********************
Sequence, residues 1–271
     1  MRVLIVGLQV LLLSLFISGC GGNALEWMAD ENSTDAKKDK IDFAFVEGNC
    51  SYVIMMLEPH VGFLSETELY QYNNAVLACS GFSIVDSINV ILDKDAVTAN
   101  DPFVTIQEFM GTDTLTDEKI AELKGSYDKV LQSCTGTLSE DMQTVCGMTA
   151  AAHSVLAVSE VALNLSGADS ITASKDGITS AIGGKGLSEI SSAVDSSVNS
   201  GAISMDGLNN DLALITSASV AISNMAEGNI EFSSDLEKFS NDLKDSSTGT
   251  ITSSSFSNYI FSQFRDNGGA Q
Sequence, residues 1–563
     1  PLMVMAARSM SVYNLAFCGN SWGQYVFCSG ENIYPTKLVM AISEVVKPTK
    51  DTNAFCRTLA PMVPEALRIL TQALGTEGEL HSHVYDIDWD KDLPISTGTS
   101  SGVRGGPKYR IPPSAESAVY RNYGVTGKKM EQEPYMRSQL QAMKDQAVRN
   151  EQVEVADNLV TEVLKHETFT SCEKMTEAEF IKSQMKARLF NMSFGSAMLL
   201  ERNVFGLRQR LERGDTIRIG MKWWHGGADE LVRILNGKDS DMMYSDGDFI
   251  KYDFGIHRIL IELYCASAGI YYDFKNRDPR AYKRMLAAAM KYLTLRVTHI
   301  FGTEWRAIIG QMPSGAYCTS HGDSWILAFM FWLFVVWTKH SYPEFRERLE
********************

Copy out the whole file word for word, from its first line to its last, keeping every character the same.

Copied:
Sequence, residues 1–271
     1  MRVLIVGLQV LLLSLFISGC GGNALEWMAD ENSTDAKKDK IDFAFVEGNC
    51  SYVIMMLEPH VGFLSETELY QYNNAVLACS GFSIVDSINV ILDKDAVTAN
   101  DPFVTIQEFM GTDTLTDEKI AELKGSYDKV LQSCTGTLSE DMQTVCGMTA
   151  AAHSVLAVSE VALNLSGADS ITASKDGITS AIGGKGLSEI SSAVDSSVNS
   201  GAISMDGLNN DLALITSASV AISNMAEGNI EFSSDLEKFS NDLKDSSTGT
   251  ITSSSFSNYI FSQFRDNGGA Q
Sequence, residues 1–563
     1  PLMVMAARSM SVYNLAFCGN SWGQYVFCSG ENIYPTKLVM AISEVVKPTK
    51  DTNAFCRTLA PMVPEALRIL TQALGTEGEL HSHVYDIDWD KDLPISTGTS
   101  SGVRGGPKYR IPPSAESAVY RNYGVTGKKM EQEPYMRSQL QAMKDQAVRN
   151  EQVEVADNLV TEVLKHETFT SCEKMTEAEF IKSQMKARLF NMSFGSAMLL
   201  ERNVFGLRQR LERGDTIRIG MKWWHGGADE LVRILNGKDS DMMYSDGDFI
   251  KYDFGIHRIL IELYCASAGI YYDFKNRDPR AYKRMLAAAM KYLTLRVTHI
   301  FGTEWRAIIG QMPSGAYCTS HGDSWILAFM FWLFVVWTKH SYPEFRERLE